BY JESSE McKINLEY | PUBLISHED: NOVEMBER 14, 2013
John Pollono said he was knee deep writing a play about 19th-century Boston, the art of dueling and the myriad rules that govern such gunplay, when it suddenly occurred to him to lighten up.
“I was like, ‘I just want to write something from the world I know,’ ” Mr. Pollono, 38, said. “And the people I know.”
Those people turned out to be the trio of characters at the heart of “Small Engine Repair,” a dark comedy about a group of former high school friends whose haven’t aged well and whose current plans involve the possibility of strippers, some serious Internet shenanigans and perhaps a little vengeance. A New Hampshire native, Mr. Pollono set the play in that small state’s biggest city, Manchester, a mill town that has reinvented itself as a popular Boston commuter hub.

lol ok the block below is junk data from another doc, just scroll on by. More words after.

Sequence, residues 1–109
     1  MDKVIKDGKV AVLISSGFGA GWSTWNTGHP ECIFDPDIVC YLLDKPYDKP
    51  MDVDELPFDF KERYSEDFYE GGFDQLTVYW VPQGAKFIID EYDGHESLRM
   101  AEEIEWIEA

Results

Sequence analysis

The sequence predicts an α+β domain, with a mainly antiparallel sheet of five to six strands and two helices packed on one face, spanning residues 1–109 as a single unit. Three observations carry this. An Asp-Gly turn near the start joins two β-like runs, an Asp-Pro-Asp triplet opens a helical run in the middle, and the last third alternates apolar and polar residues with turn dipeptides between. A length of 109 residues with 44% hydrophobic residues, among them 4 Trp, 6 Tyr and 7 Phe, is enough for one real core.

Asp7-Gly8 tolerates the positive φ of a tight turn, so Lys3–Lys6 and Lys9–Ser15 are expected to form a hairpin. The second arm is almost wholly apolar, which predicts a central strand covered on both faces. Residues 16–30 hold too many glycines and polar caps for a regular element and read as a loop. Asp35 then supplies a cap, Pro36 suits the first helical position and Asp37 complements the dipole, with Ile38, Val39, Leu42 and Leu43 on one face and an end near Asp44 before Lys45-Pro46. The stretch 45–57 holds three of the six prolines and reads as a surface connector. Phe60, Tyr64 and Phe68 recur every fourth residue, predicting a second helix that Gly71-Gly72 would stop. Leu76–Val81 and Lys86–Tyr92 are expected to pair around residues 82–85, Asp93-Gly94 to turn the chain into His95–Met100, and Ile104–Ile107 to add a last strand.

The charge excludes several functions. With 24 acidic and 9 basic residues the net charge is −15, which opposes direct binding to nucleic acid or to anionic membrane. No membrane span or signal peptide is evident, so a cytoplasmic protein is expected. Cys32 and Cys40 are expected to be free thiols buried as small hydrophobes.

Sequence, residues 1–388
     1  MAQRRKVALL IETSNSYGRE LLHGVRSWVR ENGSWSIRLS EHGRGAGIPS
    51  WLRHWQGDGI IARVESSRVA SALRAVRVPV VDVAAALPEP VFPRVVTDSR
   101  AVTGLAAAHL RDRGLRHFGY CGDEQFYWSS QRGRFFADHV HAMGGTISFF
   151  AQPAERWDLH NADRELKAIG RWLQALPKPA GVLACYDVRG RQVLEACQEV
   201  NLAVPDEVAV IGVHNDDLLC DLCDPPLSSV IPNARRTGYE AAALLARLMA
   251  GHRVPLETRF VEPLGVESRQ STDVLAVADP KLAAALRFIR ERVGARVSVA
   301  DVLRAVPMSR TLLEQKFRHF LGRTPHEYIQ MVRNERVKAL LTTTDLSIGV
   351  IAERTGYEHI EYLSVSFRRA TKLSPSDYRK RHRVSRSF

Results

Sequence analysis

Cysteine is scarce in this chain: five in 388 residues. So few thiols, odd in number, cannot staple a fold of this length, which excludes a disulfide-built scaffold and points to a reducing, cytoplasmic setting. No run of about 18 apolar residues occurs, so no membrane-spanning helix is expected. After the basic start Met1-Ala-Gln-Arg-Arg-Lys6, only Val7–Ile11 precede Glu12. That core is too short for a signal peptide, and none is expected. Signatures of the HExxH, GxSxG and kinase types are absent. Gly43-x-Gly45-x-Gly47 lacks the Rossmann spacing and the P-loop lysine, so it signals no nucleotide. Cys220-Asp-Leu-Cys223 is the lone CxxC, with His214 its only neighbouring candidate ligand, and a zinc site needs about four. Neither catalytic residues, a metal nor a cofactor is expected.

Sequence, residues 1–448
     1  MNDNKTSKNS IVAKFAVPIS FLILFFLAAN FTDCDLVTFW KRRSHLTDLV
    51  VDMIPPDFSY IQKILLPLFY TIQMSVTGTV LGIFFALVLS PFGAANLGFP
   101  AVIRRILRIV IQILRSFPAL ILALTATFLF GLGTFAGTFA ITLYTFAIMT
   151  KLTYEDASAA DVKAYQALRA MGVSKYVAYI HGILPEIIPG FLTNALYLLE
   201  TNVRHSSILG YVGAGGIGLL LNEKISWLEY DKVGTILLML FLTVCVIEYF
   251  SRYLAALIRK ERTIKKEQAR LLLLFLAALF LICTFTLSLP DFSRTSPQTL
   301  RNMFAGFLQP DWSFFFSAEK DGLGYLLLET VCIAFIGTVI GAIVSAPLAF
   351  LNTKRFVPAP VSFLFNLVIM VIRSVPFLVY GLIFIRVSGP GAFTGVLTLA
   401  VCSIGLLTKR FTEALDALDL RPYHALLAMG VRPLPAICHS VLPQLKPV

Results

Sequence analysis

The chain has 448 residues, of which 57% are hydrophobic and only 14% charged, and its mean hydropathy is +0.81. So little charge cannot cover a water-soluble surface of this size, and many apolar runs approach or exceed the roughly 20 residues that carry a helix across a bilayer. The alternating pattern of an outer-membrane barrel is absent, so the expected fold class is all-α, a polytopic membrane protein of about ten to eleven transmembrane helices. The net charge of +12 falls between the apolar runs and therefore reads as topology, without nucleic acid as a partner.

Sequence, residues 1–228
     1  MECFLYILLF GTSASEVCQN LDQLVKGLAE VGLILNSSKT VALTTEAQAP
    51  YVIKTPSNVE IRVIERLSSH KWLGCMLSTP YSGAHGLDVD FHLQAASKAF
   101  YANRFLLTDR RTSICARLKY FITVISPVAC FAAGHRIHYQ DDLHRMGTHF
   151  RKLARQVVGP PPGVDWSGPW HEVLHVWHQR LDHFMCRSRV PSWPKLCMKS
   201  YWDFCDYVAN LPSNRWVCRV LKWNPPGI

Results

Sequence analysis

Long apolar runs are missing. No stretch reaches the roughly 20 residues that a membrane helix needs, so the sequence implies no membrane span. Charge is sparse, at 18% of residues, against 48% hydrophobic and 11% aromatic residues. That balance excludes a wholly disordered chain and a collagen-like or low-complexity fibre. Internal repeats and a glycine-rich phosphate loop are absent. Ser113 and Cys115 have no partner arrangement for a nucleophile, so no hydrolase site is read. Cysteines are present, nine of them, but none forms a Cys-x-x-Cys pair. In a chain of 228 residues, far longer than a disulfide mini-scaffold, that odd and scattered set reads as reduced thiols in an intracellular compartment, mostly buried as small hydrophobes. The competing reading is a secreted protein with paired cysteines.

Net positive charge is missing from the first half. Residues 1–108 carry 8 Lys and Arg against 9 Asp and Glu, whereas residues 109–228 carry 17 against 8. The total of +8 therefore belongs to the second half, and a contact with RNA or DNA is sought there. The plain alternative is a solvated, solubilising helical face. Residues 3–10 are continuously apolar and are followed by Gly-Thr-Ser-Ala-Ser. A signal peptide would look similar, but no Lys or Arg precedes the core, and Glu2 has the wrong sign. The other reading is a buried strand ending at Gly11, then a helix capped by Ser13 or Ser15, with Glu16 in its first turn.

As Mr. Pollono suggested, he knew all too well about people who felt as if their world ended at the Massachusetts border.
“I did not grow up around any creative people,” said Mr. Pollono, the child of an engineer (dad) and a retired travel agent (mom). “I was hankering to be a writer and an actor, but it took a long time to give myself permission to do anything artistic.”
He found his artistic home in Los Angeles, a place not exactly known for its passion for theater. But the city has been very good to him, helping propel “Small Engine Repair” — and the company that staged its premiere — to their first full-scale New York production. MCC Theater is bringing the show to the Lucille Lortel Theater, opening on Wednesday.
And as he did during that 2011 production in Los Angeles, Mr. Pollono plays the lead in “Small Engine Repair,” making his Off Broadway debut as an actor and playwright.